Some time ago I said “It’s not possible to be interested in Albany history and not to owe a debt of gratitude to Joel Munsell.” He was a fine printer and one of the most important chroniclers of Albany’s early history. Not a native Albanian, Munsell was born in 1808 in Northfield, Massachusetts. At 18, he moved to Troy, as one did in those days, and then came to Albany, working for book dealer John Denio and, while still a clerk, starting up a semi-weekly paper, The Minerva. Then he went to work as a compositor, and started his own printing business in 1834. He bought out Thomas Wait’s print shop in 1836 and became established at 58 State Street, later moving up to No. 82.
He quickly ventured into historical printing, and his interest in the printing arts was also shown in his publication of The Typographical Miscellany and A Chronology of Papermaking. Between 1828 and 1870, he printed more than 2300 works. But, possibly most importantly for fans of Albany history, he wrote the ten-volume Annals of Albany, which began as the Albany Annual Register in 1849. It ranges from the earliest days of Albany, the voyage of Henry Hudson, to the minutiae of individual births and deaths and shipping news of the 1850s. It’s hard to read it often enough.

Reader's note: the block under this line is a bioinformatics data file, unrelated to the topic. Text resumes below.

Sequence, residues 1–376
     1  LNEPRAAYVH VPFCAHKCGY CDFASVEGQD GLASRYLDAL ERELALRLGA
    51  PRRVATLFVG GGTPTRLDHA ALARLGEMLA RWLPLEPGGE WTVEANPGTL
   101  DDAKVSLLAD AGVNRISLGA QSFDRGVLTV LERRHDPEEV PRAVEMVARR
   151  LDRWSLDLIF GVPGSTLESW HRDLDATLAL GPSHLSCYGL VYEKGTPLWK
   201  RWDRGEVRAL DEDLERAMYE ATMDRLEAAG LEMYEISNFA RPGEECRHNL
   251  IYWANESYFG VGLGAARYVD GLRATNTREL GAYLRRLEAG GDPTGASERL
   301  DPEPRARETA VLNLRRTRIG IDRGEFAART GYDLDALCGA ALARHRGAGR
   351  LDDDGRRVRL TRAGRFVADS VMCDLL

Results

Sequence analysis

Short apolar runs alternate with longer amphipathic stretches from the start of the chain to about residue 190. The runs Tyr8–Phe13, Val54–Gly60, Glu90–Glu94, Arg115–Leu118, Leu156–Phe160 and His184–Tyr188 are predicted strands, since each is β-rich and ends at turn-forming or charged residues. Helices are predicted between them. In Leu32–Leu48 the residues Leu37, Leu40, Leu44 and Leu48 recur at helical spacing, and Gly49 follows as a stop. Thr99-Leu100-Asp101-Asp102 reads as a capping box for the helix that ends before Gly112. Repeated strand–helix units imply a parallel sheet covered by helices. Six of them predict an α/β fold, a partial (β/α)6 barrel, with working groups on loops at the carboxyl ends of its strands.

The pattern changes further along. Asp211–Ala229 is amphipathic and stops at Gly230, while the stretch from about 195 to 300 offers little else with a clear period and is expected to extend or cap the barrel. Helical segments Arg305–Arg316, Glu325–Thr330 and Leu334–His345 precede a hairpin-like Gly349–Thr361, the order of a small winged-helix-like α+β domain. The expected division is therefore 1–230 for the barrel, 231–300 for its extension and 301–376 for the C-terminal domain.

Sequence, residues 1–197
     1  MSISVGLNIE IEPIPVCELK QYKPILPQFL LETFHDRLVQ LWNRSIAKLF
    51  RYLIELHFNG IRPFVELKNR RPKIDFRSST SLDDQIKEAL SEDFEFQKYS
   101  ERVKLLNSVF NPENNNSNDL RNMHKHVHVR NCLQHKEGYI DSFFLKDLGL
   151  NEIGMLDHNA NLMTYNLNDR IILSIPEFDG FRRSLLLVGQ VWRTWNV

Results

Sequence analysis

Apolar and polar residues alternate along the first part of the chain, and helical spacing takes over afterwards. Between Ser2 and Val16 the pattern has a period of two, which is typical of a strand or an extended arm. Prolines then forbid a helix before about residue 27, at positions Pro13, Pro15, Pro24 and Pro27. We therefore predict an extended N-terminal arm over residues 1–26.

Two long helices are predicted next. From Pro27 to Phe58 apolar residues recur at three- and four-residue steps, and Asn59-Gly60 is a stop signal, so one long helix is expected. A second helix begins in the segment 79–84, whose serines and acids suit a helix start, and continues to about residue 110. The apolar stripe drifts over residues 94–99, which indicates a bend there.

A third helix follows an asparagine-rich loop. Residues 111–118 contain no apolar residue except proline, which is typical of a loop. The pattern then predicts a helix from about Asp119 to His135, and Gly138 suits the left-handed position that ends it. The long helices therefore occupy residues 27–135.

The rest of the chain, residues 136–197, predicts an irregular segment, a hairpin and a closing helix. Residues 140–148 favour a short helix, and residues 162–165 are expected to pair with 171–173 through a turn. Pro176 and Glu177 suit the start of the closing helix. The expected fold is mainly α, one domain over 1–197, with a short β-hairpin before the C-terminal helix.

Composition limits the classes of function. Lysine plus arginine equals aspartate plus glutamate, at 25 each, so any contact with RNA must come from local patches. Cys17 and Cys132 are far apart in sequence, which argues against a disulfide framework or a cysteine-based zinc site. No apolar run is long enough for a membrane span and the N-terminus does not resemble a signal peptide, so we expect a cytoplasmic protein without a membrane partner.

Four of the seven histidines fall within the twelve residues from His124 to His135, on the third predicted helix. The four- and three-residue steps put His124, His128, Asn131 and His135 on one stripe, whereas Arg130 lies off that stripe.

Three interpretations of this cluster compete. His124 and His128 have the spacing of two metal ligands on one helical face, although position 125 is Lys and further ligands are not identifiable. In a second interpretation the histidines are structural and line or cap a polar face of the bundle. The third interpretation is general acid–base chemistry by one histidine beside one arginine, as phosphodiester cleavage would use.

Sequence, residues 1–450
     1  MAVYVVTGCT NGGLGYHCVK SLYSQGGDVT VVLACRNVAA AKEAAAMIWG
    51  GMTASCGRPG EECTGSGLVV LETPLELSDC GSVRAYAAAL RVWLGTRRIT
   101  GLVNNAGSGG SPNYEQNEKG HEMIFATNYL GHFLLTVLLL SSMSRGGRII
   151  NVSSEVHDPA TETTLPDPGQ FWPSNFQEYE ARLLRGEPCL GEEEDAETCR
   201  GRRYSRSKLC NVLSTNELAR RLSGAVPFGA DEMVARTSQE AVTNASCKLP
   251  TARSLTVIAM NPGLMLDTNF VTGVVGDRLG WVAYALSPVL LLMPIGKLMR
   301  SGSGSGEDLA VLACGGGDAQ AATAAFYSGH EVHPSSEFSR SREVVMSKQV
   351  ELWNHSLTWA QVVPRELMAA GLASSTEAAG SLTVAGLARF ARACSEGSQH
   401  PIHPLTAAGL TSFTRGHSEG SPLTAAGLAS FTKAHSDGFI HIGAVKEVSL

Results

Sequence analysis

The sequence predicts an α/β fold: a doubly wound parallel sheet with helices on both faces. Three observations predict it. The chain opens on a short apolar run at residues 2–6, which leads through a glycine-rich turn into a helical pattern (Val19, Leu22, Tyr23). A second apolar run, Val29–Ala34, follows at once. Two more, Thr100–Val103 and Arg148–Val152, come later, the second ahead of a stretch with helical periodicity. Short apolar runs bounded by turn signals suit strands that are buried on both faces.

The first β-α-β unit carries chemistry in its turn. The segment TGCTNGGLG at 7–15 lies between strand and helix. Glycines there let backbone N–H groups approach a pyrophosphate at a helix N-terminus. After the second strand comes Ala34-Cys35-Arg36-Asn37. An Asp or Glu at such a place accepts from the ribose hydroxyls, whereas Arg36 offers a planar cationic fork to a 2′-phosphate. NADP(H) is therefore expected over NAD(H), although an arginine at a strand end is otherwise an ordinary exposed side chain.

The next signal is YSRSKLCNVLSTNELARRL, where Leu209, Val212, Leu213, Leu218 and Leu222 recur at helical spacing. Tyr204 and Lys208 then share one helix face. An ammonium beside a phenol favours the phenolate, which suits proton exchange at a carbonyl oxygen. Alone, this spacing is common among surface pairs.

Munsell had ten children from two wives. He was active in the Albany Institute, and appears to have kept shop up to his death on June 15, 1880.
A nice little tribute to Munsell, written in 1974 by Henry S. Bannister, is here.